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yeah someone let us know I know a guy who might sell off all the airwire stuff he has if it works better!!!!!!hee hee LOL The Regal Frustrated in West. Ne.

Truly I guess no gripes other than the range issue i'm having other than that It works for me.
 

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That throttle will be manufactured by NCE. I talked to them several weeks ago about this.

It was unintentionally leaked prematurely.

NCE has a policy of not announcing products until they have firm delivery dates. There is no firm date at this time.

I have NCE equipment and am very happy with the quality and especially the support from their team and specifically the support they have given me.

So wait for the announcement from NCE. I have the same form factor throttles for my NCE wireless cabs that run my DCC track powered system.

I will purchase one just as soon as they are available. I think it will be a killer cab for all AirWire systems.

Regards, Greg
 

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Discussion Starter · #11 ·
I'll take the throttle. Looking at the new Gwire Procab I don't think I'll like the speed control would rather have a knob vs. the little roller and push buttons.
Later
 

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Yep some people prefer a knob. I was unsure about this when I bought my NCE system, but with the thumbwheel, one hand operation is easy, you need two hands to use the knob... one to hold the cab, and the other to hold the knob.

It's all a matter of how well it works for you.

Regards, Greg
 

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Actually, the NCE cabs pre-date the new TE by about 10 years...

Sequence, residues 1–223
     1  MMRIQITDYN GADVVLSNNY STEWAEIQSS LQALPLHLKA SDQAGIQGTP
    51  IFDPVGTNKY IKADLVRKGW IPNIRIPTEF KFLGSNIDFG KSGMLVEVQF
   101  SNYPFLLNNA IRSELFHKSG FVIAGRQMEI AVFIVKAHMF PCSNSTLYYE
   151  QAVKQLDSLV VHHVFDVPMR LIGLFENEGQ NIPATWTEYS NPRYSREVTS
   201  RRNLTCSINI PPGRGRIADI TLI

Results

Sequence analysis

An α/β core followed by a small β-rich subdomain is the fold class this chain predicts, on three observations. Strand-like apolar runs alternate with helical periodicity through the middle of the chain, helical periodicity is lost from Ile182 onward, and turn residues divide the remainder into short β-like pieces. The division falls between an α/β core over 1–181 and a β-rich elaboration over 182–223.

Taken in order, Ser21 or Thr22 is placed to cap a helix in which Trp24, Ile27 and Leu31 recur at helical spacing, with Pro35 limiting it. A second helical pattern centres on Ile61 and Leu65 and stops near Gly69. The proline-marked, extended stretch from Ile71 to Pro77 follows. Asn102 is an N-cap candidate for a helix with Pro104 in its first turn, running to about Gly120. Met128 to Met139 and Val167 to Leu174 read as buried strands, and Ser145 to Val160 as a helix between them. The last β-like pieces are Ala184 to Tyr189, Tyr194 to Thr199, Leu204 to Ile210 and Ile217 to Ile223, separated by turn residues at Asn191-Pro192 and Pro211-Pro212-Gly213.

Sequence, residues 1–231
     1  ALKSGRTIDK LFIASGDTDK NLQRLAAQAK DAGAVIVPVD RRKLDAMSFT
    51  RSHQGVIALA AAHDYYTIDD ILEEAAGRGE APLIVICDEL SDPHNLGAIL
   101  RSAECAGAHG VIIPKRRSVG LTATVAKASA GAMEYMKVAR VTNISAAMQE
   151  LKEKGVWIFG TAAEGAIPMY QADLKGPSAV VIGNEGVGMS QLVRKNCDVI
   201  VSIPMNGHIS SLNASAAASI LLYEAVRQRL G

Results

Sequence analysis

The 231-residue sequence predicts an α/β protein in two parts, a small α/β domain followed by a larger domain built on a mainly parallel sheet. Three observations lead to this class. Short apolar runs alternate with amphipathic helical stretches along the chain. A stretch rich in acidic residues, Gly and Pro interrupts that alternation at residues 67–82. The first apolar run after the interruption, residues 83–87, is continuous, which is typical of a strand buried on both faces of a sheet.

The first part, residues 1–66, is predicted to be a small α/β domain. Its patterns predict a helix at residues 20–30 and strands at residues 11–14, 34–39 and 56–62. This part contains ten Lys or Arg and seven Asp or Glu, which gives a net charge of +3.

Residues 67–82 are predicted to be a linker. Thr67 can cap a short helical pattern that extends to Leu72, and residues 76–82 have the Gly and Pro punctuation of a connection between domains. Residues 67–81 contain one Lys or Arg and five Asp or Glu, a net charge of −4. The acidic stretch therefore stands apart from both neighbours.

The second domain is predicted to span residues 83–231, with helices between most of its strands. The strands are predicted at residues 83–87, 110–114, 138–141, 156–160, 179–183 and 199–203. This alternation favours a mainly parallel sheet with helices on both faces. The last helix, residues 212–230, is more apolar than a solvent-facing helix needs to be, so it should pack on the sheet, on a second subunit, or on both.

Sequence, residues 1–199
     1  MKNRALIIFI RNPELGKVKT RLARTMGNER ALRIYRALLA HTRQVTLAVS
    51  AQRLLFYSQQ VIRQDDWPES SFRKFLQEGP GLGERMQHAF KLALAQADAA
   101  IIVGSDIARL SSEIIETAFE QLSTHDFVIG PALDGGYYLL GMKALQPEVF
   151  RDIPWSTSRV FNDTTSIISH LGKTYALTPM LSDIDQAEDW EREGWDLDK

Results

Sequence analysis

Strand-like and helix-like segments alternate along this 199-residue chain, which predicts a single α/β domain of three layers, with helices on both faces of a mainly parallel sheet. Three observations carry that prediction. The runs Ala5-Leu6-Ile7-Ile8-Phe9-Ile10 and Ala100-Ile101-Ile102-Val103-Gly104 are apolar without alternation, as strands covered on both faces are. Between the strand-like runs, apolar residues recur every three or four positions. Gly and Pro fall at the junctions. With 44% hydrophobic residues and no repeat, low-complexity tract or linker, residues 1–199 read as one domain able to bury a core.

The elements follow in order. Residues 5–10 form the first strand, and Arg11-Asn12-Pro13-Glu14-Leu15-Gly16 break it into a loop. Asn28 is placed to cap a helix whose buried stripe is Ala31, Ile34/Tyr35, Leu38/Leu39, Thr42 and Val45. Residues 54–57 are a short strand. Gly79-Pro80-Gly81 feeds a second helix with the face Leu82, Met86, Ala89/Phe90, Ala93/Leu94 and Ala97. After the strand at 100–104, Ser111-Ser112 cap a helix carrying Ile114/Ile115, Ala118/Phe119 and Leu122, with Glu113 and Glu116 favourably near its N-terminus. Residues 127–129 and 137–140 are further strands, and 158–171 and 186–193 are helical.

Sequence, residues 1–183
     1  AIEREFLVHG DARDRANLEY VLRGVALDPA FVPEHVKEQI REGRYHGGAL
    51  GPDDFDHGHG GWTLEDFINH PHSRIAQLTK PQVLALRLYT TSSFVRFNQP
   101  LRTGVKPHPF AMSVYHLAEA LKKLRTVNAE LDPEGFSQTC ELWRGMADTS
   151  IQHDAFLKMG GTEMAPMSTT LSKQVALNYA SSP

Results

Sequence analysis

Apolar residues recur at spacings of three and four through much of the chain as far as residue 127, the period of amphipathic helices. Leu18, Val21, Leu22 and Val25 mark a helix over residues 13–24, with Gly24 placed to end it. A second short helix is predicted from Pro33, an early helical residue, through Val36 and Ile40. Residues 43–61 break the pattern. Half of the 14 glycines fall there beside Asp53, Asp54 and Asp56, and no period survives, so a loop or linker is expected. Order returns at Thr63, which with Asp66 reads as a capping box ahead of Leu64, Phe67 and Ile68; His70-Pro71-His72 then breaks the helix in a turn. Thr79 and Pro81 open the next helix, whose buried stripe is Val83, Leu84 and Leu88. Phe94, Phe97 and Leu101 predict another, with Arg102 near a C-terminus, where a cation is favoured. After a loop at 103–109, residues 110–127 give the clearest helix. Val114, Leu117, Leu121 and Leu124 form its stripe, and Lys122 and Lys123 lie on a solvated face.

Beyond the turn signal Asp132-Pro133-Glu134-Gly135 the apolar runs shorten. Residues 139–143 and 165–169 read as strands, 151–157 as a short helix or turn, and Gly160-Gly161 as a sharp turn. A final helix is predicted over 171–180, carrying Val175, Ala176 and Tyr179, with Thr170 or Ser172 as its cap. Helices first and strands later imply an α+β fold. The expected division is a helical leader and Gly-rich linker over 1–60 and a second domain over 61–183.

But, I don't see the similarity at all... one looks like an old cell phone with just numbers, the other has many keys labelled for bell, whistle, consisting, speed, loco number, etc.



Old cordless phone case: Custom designed throttle for trains:



I showed the procab without the wireless, they have the same buttons...


21 buttons/controls versus 35....


Regards, Greg


Greg
 

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No question, the NCE transmitter/throttle has more buttons with specific designations. The alternative with just the numbers does offer a little more flexibility if that is important to someone. My observation is that the NCE does more with specific buttons, for example consisting. The Revolution is more a menu driven operation with the larger LCD screen. I guess it is which you prefer, menu driven operations or specific buttons. I can see merit to both techniques, although personally I kind of like the menu driven operation.

Ed
 

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Actually Ed, with an LCD screen you can ALWAYS add menus, the NCE has some menus, and the TE RELIES on menus because it does not have "dedicated" buttons.

It boils down to how users like to use the system, and how many "levels" of menus you have to go through to "get to" your function.

On the NCE you need no menus to select a loco... that is NOT true on the TE.

On the NCE you need no menus to create or add to or delete a loco from a consist, on the TE it is a complex procedure and involves reprogramming of the loco.

How about ringing the bell or blowing the whistle on the TE? Even someone who has never used an NCE can see how to do it on the NCE.